Thomas C. Lawton is a visiting professor at Dartmouth's Tuck School of Business.
It was only a matter of time before American Airlines entered Chapter 11 bankruptcy.
AMR Corp, parent company of the once mighty U.S airline, filed for Chapter 11 protection in late November 2011. In doing so, it followed most other U.S. network carriers down a path to buying some breathing space from creditors and undertaking painful corporate restructuring. AMR had few options remaining. Losing $10 billion since 2001 and struggling to compete with rivals that had already cut costs during Chapter 11, the company chose to seek legal cover to reorganize. This could result in the loss of 13,000 jobs (20 percent of the workforce) and will involve protracted negotiations with trade unions to end its traditionally generous pension plans. Huge pension costs are an ongoing problem in the industry, both in the United States and Europe. As with auto manufacturing, air transport is highly unionized and workers have been long used to generous retirement benefits. This was sustainable in a world without budget airlines, global competition and price conscious air travelers. But the landscape has shifted and legacy airlines are scrambling to catch up with new realities. Cutting cost in a geographically dispersed, highly unionized, people-centric service industry is never easy. AMR needs to achieve $1.25 billion annually in employee cost savings if it is to emerge from Chapter 11. Overall, it needs to improve its results by $3 billion annually if it is to regain competitiveness.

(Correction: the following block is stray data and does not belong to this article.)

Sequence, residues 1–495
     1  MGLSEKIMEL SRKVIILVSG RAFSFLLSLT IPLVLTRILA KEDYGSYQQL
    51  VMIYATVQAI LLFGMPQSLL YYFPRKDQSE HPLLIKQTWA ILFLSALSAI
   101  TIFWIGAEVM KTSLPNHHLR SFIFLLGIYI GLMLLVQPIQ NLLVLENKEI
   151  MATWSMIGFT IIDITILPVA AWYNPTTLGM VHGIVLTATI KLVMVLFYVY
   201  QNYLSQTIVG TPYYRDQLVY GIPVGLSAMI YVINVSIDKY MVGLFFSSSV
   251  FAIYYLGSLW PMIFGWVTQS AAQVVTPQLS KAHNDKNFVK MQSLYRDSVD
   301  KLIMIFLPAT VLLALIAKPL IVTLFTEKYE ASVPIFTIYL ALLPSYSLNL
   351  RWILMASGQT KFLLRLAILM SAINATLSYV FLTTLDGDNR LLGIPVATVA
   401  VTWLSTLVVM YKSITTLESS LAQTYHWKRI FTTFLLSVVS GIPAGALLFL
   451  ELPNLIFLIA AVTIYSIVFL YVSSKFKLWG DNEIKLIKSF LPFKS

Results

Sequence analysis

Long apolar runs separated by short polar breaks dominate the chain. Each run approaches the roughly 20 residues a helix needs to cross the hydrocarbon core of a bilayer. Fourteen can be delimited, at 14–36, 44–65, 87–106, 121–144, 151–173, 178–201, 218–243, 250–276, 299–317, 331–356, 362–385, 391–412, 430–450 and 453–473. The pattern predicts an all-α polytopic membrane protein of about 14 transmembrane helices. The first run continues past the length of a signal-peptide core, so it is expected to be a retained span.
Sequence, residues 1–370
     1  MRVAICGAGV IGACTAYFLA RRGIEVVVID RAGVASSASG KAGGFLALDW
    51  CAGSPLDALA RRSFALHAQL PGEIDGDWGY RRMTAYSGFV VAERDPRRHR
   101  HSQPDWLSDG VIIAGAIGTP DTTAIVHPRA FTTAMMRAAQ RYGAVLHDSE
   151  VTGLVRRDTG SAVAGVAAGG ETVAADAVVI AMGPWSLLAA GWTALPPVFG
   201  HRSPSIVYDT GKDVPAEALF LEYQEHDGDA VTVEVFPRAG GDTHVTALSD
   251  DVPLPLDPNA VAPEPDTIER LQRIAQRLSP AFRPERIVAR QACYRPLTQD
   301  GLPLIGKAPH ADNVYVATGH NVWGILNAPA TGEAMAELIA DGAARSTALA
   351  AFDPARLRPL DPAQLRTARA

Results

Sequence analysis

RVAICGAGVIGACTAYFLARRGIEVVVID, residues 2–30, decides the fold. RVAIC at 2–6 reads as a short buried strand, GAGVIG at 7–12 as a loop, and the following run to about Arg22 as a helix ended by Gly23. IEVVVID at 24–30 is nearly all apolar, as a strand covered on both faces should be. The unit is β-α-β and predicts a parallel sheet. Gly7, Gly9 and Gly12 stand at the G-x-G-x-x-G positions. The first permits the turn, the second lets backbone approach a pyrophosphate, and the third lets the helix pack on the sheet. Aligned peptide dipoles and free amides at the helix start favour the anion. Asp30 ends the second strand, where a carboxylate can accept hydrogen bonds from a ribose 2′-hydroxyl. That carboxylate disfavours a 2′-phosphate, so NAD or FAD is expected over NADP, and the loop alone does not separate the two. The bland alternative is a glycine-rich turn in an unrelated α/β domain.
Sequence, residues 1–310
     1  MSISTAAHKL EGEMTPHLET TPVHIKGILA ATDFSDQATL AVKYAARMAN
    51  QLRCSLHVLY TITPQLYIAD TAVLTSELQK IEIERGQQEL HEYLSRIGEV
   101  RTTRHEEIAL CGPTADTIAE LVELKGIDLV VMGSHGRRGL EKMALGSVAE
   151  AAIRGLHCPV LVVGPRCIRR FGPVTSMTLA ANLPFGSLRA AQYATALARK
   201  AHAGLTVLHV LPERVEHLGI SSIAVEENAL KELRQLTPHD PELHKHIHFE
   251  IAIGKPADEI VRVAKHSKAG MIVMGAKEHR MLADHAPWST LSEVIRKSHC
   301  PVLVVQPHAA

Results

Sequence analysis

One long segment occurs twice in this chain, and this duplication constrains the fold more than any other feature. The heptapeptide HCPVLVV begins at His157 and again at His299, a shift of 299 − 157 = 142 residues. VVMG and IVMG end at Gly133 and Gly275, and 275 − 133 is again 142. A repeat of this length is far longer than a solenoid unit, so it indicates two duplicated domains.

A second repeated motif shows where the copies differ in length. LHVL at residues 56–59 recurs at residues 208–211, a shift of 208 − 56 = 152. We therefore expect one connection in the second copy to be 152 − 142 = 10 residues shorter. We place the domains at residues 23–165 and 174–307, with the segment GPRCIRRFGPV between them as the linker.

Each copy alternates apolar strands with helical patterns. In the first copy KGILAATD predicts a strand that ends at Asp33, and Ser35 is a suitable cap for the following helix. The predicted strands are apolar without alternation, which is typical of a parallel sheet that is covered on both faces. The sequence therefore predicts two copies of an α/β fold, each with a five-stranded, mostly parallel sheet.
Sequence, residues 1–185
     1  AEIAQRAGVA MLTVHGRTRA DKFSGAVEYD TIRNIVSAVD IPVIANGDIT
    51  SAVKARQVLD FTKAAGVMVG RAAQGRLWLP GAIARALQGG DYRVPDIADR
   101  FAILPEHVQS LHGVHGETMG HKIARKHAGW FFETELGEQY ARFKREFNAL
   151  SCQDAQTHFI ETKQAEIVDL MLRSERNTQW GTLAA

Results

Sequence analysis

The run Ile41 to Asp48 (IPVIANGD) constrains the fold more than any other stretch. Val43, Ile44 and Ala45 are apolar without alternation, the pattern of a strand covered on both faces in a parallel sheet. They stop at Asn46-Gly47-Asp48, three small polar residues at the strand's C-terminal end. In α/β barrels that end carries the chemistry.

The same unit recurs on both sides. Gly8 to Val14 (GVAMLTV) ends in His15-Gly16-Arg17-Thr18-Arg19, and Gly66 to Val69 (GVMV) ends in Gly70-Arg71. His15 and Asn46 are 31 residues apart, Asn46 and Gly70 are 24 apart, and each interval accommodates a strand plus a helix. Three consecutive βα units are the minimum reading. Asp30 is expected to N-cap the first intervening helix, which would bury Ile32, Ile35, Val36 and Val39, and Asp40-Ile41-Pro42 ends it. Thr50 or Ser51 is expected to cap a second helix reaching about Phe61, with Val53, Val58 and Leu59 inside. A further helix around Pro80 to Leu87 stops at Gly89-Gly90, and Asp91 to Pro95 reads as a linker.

Assuming that AMR can deliver on these results—a big question—what's next for the world's fourth largest airline? All U.S. legacy carriers have struggled in recent years to formulate and implement new corporate strategies in response to changing competitive dynamics, an ailing domestic economy and high fuel prices. Their response has been consolidation: create scale efficiencies and route and fleet rationalization through merging with competitors. Seismic shifts have occurred as United Airlines has merged with Continental Airlines, and Delta has bought Northwest. Similar patterns have emerged in Europe as KLM merged with Air France and British Airways and Iberia came together to form International Airlines Group. American Airlines is late to the party and few prospective partners remain. U.S. Airways is the best prospect—after going through two Chapter 11 filings in the last decade and posting a $71 million net profit last year. It's not ideal, but few options remain. AMR, like its network airline peers, has run out of choices and seems lacking in new ideas. Until they get their costs and debt under control, they will strategically remain on the back foot as budget rivals and global competitors soar to new heights.
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